Rich text inline editing

Colin Clark colin.clark at
Mon Oct 20 20:11:35 UTC 2008

Hey all,

Recently, I've heard a lot of interest in the prospect of using  
Fluid's Inline Edit component with a rich text editor. So far, it's a  
feature we've done some preliminary design work for, but not something  
we've looked at in depth or implemented yet.

I wanted to explore how well Inline Edit's current architecture would  
support this use case. In the end, it was really easy to get it  
working, and only involved minor changes to the code. Here are the  
things I did:

1. I wrote a simple new TinyMCE plugin for jQuery. The existing one  
was quite broken.
2. I created some HTML markup for my inline rich text editor,  
consisting of a textarea and save/cancel buttons.
3. I used my TinyMCE jQuery plugin to unobtrusively turn this textarea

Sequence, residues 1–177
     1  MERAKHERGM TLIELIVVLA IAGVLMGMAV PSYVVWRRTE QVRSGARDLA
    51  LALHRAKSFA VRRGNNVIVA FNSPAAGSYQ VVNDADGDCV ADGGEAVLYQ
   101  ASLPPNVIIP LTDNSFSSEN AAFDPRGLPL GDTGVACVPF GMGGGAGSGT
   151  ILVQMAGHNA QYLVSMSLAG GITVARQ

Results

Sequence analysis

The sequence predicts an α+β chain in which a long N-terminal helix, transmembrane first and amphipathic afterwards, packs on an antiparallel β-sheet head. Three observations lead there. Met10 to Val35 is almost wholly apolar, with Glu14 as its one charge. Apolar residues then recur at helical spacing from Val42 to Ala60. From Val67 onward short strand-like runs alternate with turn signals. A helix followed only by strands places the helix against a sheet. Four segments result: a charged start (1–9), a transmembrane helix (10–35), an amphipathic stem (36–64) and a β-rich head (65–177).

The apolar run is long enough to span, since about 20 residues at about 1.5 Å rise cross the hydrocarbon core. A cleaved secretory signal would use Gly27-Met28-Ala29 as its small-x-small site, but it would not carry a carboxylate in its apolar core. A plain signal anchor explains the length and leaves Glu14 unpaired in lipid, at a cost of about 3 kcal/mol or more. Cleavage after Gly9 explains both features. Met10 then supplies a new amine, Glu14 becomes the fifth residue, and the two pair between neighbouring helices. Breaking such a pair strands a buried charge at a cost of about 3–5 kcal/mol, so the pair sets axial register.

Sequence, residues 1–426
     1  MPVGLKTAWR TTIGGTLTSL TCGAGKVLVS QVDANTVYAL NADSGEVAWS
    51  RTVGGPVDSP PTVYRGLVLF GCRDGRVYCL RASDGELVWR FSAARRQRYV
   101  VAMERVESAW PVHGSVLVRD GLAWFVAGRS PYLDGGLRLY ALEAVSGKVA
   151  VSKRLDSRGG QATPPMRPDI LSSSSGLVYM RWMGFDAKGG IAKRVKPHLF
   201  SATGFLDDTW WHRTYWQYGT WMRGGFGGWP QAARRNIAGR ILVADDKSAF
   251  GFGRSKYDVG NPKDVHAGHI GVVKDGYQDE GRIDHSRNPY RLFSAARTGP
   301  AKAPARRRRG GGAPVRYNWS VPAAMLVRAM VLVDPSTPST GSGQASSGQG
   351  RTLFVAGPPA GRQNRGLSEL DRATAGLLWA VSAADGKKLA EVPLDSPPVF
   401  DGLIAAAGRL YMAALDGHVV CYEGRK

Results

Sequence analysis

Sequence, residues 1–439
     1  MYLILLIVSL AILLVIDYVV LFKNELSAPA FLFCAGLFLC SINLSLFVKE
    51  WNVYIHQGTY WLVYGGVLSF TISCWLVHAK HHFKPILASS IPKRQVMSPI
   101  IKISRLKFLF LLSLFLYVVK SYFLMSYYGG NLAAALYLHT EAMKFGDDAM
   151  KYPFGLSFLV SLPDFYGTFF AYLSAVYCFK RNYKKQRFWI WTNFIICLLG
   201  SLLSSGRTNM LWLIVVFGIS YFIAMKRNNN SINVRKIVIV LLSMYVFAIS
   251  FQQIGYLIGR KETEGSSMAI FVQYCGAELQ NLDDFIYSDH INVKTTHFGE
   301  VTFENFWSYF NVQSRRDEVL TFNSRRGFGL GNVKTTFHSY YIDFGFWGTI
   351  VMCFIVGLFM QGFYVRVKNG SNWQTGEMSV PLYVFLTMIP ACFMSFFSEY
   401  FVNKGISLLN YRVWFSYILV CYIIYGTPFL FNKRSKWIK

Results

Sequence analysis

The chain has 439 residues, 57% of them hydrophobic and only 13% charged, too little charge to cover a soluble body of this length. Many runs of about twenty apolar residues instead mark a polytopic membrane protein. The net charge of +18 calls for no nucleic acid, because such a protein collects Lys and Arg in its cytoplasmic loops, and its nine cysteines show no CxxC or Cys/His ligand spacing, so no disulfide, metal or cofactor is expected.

into a rich text editor.
4. I added a public cancel() method to InlineEdit.js, and bound it to  
my Cancel button
5. I refactored any code in InlineEdit that assumed we were working  
with plain text and plain old <input> tags. This code now lives in  
separate methods for getting/setting values on both the view and the  
edit elements.
6. I wrote two lines of TinyMCE-specific code to correctly get/set  
values from it.

That's it. They key is Inline Edit's flexibility with markup, and  
making sure that any assumptions can be overridden for different  
contexts. To make this code cleaner, we may eventually want to break  
Inline Edit up into separate views responsible for handling different  
types of content and editors.

While I think it's too early to release the whole thing as a fully- 
supported option for Inline Edit, I think the underlying changes to  
the component are useful. I've posted a patch with an example of this  
code, and I'd appreciate it if others in the community could take a  
look and let me know what you think. In particular, check out:


Apologies for the hard-coded paths in the patch. Has anyone else  
figured out how to get Eclipse to create a diff that uses relative  



Colin Clark
Technical Lead, Fluid Project
Adaptive Technology Resource Centre, University of Toronto

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